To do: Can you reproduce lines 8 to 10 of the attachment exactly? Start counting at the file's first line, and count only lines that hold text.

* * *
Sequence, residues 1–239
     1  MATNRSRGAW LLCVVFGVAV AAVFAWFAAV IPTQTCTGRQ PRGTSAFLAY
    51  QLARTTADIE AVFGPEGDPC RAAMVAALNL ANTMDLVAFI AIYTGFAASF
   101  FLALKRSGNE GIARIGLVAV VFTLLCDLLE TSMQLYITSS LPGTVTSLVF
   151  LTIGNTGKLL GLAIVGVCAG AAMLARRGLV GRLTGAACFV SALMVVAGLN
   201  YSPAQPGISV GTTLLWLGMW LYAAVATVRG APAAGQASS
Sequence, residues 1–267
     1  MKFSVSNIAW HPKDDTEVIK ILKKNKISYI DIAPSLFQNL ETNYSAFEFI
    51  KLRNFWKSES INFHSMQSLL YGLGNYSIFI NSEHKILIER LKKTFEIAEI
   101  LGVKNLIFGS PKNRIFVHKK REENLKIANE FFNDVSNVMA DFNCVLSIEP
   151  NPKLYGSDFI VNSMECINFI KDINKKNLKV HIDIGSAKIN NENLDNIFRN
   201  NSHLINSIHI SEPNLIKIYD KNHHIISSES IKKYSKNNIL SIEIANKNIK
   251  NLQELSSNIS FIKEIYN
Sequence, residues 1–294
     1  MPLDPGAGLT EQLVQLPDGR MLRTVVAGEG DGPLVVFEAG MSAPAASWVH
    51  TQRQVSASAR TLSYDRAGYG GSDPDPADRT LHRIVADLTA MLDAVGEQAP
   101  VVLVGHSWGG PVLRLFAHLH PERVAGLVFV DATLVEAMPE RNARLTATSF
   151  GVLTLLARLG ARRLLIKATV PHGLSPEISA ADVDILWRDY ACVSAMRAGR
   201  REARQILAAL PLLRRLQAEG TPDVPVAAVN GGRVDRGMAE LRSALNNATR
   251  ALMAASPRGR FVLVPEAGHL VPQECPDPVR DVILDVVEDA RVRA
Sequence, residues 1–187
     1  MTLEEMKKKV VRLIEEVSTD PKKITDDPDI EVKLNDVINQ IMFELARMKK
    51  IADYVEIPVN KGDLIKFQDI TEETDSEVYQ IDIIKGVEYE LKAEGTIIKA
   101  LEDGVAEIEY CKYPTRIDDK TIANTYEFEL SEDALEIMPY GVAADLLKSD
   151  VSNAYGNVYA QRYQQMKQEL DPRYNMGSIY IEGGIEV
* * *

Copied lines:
     1  MKFSVSNIAW HPKDDTEVIK ILKKNKISYI DIAPSLFQNL ETNYSAFEFI
    51  KLRNFWKSES INFHSMQSLL YGLGNYSIFI NSEHKILIER LKKTFEIAEI
   101  LGVKNLIFGS PKNRIFVHKK REENLKIANE FFNDVSNVMA DFNCVLSIEP